It felt right to be with those guys and when it wasn't right anymore, I made little hesitation in ending the relationships. The break-up was usually ignited by an incident that forced me to re-evaluate and ultimately decide to end things but what happens when those incidents stop happening? Or what happens when incidents occur that we successfully work through and termination isn't even on the radar screen? I think for some time I was waiting for that incident to happen with this current relationship, feeling like it can't just be that good, I couldn't possibly have met the right one right now....

As Sassarella's dad says, "All you need to know is...do you want this person in your life and is this person someone you can't imagine being without." I've answered those questions and I think I confused sleeping next to each other every night, spending time with our families, and considering each other in the life plans as really putting my all into the relationship but it's not. I never understood this before and maybe some of you reading this haven't yet either, but to really put my all into this I have to do away with the fear, the uncertainty, and the excuses for why it's not possible that I may have met my match. If I have fear, then how can I be fully and freely in this? If it's meant to stick then it can only be made better by my full attention and intentions. If it's not, then...well, let's not even go there.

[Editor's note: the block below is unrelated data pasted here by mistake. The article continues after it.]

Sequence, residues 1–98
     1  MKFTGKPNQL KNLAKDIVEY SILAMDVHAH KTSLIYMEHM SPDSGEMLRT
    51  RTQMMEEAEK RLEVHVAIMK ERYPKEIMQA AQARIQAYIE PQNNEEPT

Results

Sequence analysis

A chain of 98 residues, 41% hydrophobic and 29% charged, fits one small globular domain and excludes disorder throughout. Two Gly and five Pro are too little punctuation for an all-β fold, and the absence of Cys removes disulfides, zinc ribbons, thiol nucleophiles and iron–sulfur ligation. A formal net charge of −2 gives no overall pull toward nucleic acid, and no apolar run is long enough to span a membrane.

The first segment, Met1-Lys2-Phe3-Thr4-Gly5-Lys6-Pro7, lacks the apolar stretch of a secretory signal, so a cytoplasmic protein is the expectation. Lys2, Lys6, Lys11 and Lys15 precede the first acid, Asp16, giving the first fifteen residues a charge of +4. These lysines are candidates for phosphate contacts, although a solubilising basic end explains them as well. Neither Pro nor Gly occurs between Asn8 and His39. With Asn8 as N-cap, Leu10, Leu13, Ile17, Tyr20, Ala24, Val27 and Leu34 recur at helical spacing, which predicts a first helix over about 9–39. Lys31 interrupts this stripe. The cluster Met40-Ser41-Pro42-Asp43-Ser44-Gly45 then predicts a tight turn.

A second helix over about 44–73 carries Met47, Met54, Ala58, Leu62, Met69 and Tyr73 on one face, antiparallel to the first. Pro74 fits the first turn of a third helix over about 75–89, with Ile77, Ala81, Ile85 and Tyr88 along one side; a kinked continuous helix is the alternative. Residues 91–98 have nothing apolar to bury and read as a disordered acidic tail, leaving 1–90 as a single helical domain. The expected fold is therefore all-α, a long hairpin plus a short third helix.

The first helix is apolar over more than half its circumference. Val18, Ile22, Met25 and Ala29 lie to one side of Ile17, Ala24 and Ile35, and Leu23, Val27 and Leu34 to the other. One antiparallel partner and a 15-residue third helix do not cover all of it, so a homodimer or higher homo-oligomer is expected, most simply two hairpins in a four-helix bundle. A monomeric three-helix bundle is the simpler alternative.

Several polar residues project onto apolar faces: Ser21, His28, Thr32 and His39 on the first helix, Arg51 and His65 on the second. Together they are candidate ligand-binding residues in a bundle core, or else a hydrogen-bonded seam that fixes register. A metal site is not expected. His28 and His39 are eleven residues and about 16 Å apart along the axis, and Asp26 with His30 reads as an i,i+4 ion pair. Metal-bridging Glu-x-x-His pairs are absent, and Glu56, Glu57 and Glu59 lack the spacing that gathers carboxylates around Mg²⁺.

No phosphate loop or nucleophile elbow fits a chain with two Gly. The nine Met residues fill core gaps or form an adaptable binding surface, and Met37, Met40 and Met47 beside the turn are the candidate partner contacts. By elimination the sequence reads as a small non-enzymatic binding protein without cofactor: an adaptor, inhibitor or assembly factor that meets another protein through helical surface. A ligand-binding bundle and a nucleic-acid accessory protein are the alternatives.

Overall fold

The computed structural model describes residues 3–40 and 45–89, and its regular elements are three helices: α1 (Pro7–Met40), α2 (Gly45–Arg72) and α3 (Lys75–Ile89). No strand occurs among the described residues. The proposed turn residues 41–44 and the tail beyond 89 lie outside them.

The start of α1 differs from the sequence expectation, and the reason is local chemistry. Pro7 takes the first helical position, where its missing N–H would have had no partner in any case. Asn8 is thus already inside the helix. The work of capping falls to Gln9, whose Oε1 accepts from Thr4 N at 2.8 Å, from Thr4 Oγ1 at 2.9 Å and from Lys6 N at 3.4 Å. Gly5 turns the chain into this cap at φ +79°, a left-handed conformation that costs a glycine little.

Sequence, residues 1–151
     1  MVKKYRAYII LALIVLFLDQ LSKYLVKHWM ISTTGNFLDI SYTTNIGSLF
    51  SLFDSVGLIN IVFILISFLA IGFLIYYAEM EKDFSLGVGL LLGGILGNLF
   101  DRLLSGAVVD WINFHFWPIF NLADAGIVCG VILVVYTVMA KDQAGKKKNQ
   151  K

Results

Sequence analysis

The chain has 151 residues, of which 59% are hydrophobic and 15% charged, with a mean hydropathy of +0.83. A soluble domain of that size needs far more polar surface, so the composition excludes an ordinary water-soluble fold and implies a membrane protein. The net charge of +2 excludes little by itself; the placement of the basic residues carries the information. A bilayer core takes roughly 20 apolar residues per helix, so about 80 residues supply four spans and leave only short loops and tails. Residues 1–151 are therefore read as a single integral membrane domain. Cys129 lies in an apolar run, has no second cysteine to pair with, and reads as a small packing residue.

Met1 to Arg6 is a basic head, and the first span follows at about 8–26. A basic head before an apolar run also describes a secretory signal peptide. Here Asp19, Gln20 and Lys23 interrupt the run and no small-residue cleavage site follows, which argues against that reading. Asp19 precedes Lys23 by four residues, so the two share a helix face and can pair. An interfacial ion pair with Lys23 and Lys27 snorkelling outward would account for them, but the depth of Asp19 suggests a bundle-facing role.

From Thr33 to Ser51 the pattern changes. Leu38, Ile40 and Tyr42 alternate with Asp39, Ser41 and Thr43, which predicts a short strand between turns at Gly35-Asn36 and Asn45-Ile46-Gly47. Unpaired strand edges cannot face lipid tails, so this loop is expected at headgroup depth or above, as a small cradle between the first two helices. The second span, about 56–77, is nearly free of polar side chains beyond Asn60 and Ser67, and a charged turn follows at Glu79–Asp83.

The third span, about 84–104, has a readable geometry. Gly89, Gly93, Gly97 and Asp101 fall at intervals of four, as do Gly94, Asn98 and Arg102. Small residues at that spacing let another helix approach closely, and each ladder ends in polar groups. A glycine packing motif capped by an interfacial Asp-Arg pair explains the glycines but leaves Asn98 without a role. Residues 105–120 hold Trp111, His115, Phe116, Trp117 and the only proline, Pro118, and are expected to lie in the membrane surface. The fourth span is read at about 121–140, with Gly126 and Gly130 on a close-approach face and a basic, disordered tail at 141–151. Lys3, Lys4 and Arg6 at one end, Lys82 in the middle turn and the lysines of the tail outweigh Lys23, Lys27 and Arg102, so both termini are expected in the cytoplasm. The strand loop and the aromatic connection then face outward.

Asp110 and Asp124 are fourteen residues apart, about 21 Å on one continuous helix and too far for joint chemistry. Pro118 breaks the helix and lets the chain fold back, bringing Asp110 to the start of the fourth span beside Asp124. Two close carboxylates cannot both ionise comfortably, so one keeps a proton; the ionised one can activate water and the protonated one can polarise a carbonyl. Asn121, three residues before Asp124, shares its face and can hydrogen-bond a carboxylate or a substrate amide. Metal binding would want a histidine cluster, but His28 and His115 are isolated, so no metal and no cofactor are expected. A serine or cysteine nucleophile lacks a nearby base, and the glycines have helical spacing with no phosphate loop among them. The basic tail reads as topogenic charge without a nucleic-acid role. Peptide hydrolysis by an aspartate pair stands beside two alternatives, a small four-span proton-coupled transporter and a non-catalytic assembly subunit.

Being deeply loved by someone gives you strength, 
while loving someone deeply gives you courage. - Lao Tzu

This won't happen overnight. I'm way too analytical to completely disregard my over-analyzing brain but now that I'm aware of it, I can actively pay attention to situations where I might shy away from or be cautious and choose not to be. I believe the only factors holding me back are my fear in every aspect of my life of making a mistake and the fact that I haven't quite let go of how my life was supposed to go. I'm a type-A perfectionist who doesn't make mistakes, that's just the way it goes but I gotta take risks and trust that the risks are the right risks to take...ya know, since I don't make mistakes and all. And well, I don't think anyone can say that life is turning out just as they planned, (even though I had it written down, broken down by year, and such), I guess I have to start accepting that it's just not how it goes.

Sassarella Says...here's to us!

Thursday, February 21, 2013

"You have exhausted all of your talking rights by being crazy" - Lorelai, GG